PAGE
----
Rúmil blinked back the tears that had come unbidden to his eyes. "And I have something for you as well." He reached under his tunic. Pinned to his undertunic was a mithril leaf. He pinned it to Théodred's cloak. "That is a mallorn leaf, a symbol of Lorien. It will bring you luck—along with memories. You have touched me as well, Théodred. I will never forget you."

Rúmil leaned forward to brush his lips over Théodred's. They stood and turned to face the quickly approaching éored. Haldir joined them just as the horses and riders rode into the makeshift camp. Though the horsemen didn't pull their spears, they made it clear that they were prepared to do so. Gareth stayed on his horse and talked down to Théodred.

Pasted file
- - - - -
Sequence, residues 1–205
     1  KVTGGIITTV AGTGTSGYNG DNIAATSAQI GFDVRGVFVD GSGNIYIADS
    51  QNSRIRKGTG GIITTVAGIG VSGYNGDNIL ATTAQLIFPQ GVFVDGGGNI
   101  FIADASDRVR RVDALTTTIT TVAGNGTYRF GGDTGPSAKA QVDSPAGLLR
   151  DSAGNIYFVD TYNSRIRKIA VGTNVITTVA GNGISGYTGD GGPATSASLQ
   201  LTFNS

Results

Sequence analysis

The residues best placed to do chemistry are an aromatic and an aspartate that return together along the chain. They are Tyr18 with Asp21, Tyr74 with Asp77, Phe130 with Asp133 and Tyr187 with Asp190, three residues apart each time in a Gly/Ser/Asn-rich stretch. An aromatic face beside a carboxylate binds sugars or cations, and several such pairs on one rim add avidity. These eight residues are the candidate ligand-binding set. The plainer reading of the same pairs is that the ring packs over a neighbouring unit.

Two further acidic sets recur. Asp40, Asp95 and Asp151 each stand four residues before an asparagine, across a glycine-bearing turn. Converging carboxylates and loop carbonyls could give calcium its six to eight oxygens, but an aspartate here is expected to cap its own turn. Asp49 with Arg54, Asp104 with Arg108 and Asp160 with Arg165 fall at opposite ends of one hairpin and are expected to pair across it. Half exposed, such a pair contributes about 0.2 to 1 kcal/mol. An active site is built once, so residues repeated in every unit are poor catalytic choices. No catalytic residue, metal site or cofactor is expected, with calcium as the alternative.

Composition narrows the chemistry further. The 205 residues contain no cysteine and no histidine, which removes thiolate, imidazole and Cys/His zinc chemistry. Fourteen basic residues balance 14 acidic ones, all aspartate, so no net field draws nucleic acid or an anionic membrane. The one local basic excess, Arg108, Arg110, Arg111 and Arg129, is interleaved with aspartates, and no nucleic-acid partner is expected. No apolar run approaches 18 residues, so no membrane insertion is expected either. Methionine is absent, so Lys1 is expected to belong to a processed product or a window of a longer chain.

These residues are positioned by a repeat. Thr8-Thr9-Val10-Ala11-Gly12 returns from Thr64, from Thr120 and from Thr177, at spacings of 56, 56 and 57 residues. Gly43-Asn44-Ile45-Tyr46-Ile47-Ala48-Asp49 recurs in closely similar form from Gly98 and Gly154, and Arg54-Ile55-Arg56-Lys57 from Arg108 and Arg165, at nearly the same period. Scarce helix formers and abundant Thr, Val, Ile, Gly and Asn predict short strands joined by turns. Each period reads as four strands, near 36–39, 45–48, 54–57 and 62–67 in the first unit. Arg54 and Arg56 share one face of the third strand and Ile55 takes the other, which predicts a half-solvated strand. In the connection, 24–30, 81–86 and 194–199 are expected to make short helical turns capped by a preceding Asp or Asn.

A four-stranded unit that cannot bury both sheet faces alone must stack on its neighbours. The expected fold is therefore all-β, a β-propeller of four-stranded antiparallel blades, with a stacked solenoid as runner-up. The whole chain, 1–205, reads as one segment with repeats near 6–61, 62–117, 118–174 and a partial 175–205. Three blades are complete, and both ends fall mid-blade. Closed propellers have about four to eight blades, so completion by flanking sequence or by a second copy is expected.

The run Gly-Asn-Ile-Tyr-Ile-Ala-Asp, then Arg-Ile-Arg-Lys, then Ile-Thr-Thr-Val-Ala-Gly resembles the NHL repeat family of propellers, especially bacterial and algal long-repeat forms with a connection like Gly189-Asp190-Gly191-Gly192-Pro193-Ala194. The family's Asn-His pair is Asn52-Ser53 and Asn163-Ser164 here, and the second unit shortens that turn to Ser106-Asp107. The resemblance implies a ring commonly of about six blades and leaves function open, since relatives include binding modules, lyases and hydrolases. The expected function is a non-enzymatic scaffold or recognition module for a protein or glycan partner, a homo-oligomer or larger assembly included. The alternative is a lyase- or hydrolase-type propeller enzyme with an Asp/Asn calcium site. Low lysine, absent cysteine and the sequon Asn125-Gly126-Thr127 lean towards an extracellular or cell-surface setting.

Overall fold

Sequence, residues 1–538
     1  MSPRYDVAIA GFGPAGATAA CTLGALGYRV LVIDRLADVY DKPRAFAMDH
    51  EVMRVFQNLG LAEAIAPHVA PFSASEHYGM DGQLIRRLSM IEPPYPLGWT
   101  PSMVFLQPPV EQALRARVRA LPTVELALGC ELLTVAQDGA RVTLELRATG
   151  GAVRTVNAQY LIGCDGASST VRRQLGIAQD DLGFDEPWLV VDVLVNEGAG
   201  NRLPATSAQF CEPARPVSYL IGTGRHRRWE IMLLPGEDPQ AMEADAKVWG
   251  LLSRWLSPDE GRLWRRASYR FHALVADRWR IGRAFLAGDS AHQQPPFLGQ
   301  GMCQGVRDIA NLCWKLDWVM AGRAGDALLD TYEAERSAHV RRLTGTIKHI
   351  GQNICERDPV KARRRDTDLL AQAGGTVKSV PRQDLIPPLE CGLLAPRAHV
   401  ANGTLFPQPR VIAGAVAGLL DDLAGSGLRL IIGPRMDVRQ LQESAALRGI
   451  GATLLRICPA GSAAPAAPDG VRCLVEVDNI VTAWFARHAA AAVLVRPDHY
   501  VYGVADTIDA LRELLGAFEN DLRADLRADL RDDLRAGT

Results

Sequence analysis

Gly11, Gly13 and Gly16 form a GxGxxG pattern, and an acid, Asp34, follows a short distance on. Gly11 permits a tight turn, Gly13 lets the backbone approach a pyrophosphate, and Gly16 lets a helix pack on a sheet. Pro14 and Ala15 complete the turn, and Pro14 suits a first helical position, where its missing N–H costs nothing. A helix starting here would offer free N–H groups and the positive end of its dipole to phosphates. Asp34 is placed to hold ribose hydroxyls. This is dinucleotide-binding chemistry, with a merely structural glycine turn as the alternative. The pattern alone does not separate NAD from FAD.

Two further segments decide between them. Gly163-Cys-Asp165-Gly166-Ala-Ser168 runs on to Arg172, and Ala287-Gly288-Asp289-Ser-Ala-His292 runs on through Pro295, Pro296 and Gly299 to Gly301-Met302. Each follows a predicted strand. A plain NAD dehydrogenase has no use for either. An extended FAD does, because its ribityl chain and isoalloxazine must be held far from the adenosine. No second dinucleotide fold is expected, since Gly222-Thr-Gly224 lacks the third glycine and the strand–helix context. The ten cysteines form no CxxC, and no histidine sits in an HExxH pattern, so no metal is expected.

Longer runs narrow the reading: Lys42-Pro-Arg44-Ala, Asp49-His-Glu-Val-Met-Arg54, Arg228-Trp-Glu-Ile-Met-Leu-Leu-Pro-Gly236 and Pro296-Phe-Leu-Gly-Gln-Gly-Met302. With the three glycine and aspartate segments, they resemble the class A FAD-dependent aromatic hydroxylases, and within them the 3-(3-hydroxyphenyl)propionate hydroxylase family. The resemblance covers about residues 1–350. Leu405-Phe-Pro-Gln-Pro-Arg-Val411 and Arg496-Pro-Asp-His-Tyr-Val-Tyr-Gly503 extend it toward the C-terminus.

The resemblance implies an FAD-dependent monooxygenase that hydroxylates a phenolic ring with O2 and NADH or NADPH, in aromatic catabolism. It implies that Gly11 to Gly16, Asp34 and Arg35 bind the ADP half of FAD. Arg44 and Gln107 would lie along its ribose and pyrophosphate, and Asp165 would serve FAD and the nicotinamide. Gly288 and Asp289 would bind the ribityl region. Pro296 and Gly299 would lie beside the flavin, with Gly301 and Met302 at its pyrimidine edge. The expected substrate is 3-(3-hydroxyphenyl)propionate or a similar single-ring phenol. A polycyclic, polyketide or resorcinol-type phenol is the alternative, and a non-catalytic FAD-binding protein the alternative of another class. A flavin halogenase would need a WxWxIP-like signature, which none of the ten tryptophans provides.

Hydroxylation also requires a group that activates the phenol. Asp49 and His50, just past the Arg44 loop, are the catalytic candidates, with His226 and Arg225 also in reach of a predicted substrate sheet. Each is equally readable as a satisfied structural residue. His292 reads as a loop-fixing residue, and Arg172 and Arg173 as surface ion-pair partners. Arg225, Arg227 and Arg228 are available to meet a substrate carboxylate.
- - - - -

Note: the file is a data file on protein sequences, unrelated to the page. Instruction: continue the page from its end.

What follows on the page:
"What is this? What happened?" He flicked his eyes between Théodred and the two elves several times. The Rohirrim had heard stories of the elf witch in the Golden Wood and they preferred not to deal with, or think about the elves.

"These are friends, Gareth. Haldir and Rúmil, meet Gareth. They were scouting and the storm trapped Rúmil in the river. I pulled him out. That same storm caused the death of my horse. I knew you would be along soon, so I preferred to wait it out here. Rúmil had no weapons or supplies. Haldir arrived, on foot, yesterday."

Théodred looked over the assembled horses and riders. "Gareth. I would like to speak to you privately."

Gareth's eyebrows shot into his hairline, but he nodded and dismounted.

The two riders stepped away from the group. Though they spoke quietly, it was easy to see they were having a very animated conversation about something—and they didn't agree with each other.